For some years now and especially after the Black Lives Matter protests last year, the word ‘ally’ has been bandied around. If you’re unfamiliar with the term, an ally is someone who stands up for any person who is being oppressed.
What Does it Mean to Be an Ally in the Workplace?
At work, being an ally means making an effort to support colleagues or employees from under-represented or marginalised groups, whenever you can.
It doesn’t mean you understand what it’s like to experience the same kind of oppression as a colleague.
Instead, an ally recognises their advantage or ‘privilege’ and acts as a powerful and supportive voice alongside their under-represented or marginalised colleagues.
But What Can I Do?
These steps are a good starting point.
One of the essential actions in being an ally, whatever level you work at in your organisation is practising acceptance.
To support a colleague effectively, work on being non-judgemental. Recognise and acknowledge your own biases – we all have them.
Easier said than done, I know! No need to beat yourself up – accept that you are a ‘work in progress’.
Listen and Acknowledge
When someone shares their experience, a good starting point is to listen.
Push aside any preconceived notions you might have and let them talk without asking questions.
Say something helpful such as “I’m pleased/grateful you shared that with me” or “That must have been hard for you/ or hard for you to tell me”. Followed by “What can I do to support you?” or “How can I help you deal with this?”
Avoid jumping in with your own stories or responding with “Are you sure?” or ‘Maybe you’re being over-sensitive’.
The workplace can be a hostile environment, so be more inclusive.
Welcome New People
Entering a workplace that is not particularly diverse can be intimidating for a new employee.
Go out of your way to welcome your colleague or employee. Introduce yourself and get to know them. Remember how you felt on your first day at work!
Understanding Unspoken Rules and Networks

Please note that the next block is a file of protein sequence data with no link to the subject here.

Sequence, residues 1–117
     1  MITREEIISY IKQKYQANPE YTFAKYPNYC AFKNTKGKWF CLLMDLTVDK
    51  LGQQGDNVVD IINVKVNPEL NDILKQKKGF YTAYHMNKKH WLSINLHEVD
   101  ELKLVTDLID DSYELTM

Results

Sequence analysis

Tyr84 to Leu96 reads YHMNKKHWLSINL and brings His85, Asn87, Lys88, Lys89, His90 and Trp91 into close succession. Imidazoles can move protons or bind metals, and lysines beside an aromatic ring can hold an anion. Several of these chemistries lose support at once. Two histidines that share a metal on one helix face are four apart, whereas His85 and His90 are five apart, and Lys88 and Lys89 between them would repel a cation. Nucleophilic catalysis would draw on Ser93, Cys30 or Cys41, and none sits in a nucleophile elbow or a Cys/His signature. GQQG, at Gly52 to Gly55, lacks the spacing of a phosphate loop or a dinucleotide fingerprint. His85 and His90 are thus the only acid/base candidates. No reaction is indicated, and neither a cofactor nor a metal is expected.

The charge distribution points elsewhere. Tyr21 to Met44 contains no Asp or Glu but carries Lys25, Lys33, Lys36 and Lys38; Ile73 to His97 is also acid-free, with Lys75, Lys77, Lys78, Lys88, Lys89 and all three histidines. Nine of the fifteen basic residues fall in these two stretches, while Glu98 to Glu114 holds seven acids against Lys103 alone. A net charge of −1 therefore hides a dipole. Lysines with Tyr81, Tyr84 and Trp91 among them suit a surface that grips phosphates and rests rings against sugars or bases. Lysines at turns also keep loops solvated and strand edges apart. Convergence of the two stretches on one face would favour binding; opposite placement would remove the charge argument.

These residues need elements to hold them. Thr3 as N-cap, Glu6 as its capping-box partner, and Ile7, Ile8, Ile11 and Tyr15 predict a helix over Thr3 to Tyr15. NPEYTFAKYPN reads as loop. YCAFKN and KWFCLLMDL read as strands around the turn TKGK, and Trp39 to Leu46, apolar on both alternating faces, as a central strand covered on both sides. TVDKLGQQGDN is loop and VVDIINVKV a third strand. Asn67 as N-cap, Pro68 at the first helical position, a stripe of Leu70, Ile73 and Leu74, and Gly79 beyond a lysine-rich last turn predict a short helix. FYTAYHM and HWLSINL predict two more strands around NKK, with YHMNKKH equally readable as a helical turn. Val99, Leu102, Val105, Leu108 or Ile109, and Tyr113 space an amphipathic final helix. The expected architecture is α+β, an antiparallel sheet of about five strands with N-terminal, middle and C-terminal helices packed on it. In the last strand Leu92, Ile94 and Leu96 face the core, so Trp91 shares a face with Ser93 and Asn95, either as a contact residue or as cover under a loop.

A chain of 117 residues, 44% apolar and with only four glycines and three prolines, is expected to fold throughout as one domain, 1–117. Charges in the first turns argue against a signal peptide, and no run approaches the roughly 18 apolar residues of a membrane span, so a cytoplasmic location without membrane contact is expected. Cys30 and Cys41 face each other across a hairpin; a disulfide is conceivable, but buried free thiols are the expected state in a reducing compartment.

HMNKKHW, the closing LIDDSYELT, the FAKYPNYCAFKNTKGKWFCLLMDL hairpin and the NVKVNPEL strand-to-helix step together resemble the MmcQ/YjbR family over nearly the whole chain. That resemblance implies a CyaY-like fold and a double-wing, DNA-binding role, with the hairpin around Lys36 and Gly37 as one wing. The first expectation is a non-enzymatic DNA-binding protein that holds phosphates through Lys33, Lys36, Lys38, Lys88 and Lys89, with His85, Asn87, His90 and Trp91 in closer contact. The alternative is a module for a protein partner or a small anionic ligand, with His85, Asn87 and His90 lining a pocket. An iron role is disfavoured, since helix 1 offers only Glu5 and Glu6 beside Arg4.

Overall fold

Nearly every industry, workplace or team has unspoken rules (the way things are done around here) and networks (who are the real influencers). These are not always obvious.
Share that information and encourage your colleagues to do the same. Invite the new employee into influential informal groups with your full support.
Accept Criticism Graciously
Let’s be honest; we ALL get it wrong sometimes. It’s hard to hear you’ve offended or embarrassed someone or just said ‘the wrong thing’ at a certain moment.
It is human nature to want to defend ourselves by denying it or saying the person ‘took it the wrong way’ which won’t help.
It’s better to take a deep breath and say something such as, “I am sorry for offending/ upsetting/ embarrassing you. That was not my intention, and I apologise’.
If You’re a Manager or Director
If you hold a position of power, use your influence to promote inclusion.
Be a Sponsor
Regularly talk about the expertise you see in others, especially during performance evaluation and promotion discussions. If you are in a position of influence, recommend people for assignments and learning opportunities.
Be a Flagbearer
Promote a code of conduct for meetings that encourages contributions from all members.
Direct questions about specific topics to employees with expertise instead of answering them yourself.
Make a stand within your company or industry for more black, Asian or people from minority ethnic groups, women, disabled people and other members of underrepresented groups to contribute as speakers, trainers, panellists and collaborators.
Be an Advocate
When someone has a good idea, repeat it and give them credit.
In any shared communication, make sure you credit the idea to your colleague or employee.
Be an Active Bystander
Speak up if you witness behaviour or comments that are degrading or offensive.
Explain your position or ‘own’ the problem, so everyone is clear about why you’re raising the issue. For example, “I found that comment you made in the meeting, offensive/ belittling/ unprofessional”.
Support colleagues who try to intervene, for example, “I agree with Jatinder, that joke was inappropriate.”
Don’t be afraid to raise an issue with HR or a more senior person, if you feel the situation requires further investigation or follow up.
Being an ally isn’t always easy. We’ve all witnessed situations that looked uncomfortable. Often we don’t say anything as we don’t feel it’s our business or we’re not sure what to say at that moment.
Take small steps. Start by getting to know your colleagues and build up.
Even if you speak up once out of five situations you’ve observed, it is better than never speaking up at all.
For more information and advice or practical online courses, visit Josie Hastings Associates. With more than 25 years’ experience in delivering training on equality, diversity and inclusion, we can help you develop a culture of allyship or deal with challenging behaviour at work.
If you want to learn more about creating a respectful workplace culture, you can purchase my book. ‘It Stops Now’ on Amazon.